Jewish World Review
http://www.jewishworldreview.com | (KRT) The war in Iraq is creating a new generation of military veterans - and a new opportunity for fake ones.
In what's become an inevitable outcome any time America goes to war, people claim honors and accolades for action they never saw, in places they've never been. Sometimes they are running a scam. Usually it's just a free beer and a pat on the back they're after.
But the number of impostors is sure to climb, experts say, as the latest combat veterans return home. And it's not just people claiming to have taken fire in Iraq. The just-ended fighting has inspired some to make up stories about their experiences in other battles, like the Vietnam War.
"It's sick. It's started already," said Mary Schantag, who tracks phony war heroes from her home in tiny Skidmore, Mo., 100 miles north of Kansas City.
Schantag has investigated two incidents in recent weeks spawning from the war in Iraq. Both involved close relatives of soldiers killed or captured there this year. The relatives claimed they were reliving a nightmare because they were prisoners of war in Vietnam. Only, they weren't, Schantag said.
Military officials say false claims of service - especially in the special forces - occur frequently. "It seems to be a pretty steady thing," said Martha Rudd, an Army spokeswoman at the Pentagon.
Most of these claims are dealt with quietly. But sometimes they pop into public view.
In March, a Memphis newspaper profiled an Army specialist heading to Iraq whose wife claimed he'd served during the 1991 Persian Gulf War as a Navy SEAL. She even showed a reporter a leather jacket with a SEAL insignia. But the paper later learned the soldier never was in the Navy or the SEALs.
Police in Seattle are investigating the case of a man claiming to be a Navy SEAL who is accused of scamming a series of women. In one instance, he allegedly told one woman he was terrorist-hunting in the caves of Tora Bora in Afghanistan and had to leave town repeatedly to rejoin the pursuit. He, too, never served in the Navy.
Both of these cases were ferreted out by phony-vet hunters - fiercely dedicated researchers who maintain Web sites specializing in confirming a person's service claims. They also tend to post a person's false claim in a variation of a "Wall of Shame."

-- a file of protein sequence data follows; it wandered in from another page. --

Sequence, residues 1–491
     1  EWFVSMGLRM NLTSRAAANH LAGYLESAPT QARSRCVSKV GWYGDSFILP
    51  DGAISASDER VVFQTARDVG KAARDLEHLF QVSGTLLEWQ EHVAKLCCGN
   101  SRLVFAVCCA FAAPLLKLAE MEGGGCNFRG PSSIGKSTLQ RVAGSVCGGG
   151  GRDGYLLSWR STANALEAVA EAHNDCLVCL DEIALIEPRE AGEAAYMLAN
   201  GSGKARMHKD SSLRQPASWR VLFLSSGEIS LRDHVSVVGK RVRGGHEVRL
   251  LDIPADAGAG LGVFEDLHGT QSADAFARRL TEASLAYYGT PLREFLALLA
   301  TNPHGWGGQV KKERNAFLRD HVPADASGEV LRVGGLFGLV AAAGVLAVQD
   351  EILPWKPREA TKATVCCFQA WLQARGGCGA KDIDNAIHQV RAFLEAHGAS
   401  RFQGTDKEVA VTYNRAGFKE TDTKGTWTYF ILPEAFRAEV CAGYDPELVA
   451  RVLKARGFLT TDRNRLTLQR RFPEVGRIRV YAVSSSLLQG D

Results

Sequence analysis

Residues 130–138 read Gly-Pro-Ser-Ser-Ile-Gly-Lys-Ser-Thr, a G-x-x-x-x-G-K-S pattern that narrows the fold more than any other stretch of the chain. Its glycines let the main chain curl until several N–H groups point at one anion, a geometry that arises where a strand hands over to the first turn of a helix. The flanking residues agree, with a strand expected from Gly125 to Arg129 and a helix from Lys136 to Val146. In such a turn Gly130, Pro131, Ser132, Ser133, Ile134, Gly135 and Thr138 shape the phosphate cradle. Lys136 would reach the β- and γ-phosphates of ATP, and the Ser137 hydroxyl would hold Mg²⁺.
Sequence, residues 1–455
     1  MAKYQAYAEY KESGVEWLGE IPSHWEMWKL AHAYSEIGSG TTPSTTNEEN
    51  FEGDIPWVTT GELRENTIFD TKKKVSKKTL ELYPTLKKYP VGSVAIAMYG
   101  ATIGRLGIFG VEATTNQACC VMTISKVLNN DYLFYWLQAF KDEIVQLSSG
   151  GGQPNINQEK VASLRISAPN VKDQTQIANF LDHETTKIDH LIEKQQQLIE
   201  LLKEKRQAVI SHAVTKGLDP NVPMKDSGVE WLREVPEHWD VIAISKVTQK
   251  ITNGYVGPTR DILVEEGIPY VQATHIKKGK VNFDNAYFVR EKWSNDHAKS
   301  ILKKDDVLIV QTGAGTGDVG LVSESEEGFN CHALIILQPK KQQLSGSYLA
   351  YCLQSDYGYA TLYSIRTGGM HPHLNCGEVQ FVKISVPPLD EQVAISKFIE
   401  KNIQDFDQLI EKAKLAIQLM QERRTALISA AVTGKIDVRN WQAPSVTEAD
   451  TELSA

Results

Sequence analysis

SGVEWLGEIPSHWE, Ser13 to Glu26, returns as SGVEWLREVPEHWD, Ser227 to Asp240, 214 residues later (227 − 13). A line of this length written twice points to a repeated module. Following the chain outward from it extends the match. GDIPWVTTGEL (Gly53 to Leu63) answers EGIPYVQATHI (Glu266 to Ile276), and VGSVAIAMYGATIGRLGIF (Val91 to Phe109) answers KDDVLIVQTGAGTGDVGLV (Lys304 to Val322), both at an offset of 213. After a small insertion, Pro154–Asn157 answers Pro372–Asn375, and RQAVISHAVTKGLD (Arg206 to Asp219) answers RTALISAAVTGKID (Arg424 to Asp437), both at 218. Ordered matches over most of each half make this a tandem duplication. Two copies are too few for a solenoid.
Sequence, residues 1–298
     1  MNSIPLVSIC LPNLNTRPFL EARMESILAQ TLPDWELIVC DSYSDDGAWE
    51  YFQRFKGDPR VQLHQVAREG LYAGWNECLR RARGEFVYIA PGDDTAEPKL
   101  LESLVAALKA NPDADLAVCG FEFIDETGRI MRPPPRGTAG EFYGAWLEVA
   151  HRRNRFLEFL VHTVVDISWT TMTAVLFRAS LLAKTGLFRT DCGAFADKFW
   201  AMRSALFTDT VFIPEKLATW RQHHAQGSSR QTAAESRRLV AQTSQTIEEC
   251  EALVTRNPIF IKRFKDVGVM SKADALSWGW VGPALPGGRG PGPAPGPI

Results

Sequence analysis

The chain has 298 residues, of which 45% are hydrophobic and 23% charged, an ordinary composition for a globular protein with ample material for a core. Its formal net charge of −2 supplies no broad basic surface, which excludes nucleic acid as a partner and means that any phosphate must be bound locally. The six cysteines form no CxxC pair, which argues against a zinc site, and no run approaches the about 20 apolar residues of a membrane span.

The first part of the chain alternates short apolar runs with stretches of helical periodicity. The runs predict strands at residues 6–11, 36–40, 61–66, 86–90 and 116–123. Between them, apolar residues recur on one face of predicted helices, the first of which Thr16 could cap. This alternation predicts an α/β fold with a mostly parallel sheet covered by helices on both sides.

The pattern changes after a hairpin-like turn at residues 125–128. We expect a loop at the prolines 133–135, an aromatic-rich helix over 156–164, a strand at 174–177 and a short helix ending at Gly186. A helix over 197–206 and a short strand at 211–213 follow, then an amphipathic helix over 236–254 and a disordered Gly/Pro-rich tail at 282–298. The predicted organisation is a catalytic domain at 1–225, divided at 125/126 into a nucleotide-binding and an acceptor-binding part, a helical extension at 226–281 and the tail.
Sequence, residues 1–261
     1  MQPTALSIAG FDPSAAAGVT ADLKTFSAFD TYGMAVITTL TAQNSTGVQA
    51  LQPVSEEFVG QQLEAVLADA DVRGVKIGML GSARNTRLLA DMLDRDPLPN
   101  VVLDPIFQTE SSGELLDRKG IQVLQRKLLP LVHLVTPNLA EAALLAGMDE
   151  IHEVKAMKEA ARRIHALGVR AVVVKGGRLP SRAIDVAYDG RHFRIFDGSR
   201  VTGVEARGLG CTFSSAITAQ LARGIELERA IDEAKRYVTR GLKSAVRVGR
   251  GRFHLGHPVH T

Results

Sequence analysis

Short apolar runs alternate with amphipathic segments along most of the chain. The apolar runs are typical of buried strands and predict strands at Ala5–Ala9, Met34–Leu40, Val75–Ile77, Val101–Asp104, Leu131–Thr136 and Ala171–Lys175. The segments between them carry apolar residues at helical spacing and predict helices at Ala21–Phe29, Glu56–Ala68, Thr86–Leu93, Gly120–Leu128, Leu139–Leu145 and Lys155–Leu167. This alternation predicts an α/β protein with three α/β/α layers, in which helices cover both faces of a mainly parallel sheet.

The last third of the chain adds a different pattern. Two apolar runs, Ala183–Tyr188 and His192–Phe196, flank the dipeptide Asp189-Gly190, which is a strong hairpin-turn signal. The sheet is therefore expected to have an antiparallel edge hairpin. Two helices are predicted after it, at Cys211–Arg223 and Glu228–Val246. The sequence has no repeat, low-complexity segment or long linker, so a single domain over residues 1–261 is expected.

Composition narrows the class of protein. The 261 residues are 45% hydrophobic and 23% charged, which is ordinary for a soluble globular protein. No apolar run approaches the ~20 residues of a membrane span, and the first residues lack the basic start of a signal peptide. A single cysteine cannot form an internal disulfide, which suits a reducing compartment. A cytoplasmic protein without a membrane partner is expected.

Schantag runs the Web site phonyveterans.com with her husband, Chuck, a Marine wounded in Vietnam. The site received 22 inquiries in 1998. Last year, it received 4,000.
In Forsyth, Mo., Steve Robinson, a blacksmith, tracks down claims about being in the SEALs for authentiseal.org. Each week, the site receives about 20 to 30 reports. Maybe one or two turn out to be true SEALs, he said. And he's heard some doozies coming out of the war in Iraq.
"They claim they've just returned from Iraq, but they aren't able to disclose their super-secret missions," said Robinson, who was a SEAL for three years in the 1970s.
Fake vets don't even need a real war - Hollywood's rendition will do. The blockbuster movie "Black Hawk Down," about a failed U.S. military mission in Somalia, led to a wave of "Black Hawk phonies," recalled Schantag. And whenever the Discovery Channel reruns a show about the SEALs, Robinson gets a new round of fake stories.
Elite groups like the SEALs (an acronym for sea, air, land) or Army Special Forces are favorite targets. The allure - and the positive impression it tends to make on friends and co-workers - is too much to pass up, said the researchers.
It's happened in St. Louis. In 1997, the head of the St. Louis city chapter of the Vietnam Veterans of America resigned after falsely claiming to be a former SEAL. Daniel J. Meyer admitted he was a pipefitter on an aircraft carrier during the Vietnam War.
A popular new war inspires fake vets. They stand by as the returning soldiers get attention and respect and decide they can share in the glory, the researchers said. Changing public attitudes toward soldiers can inspire, too. After the Persian Gulf War, the phony-vet hunters saw an increase in false Vietnam War claims - especially related to POW status.
"We are desperate for heroes," Schantag said. "Anybody will believe anything about anybody if they can look up to them."
Experts expect to see more false claims from the Iraq war. "Give it a year or two," Schantag said.
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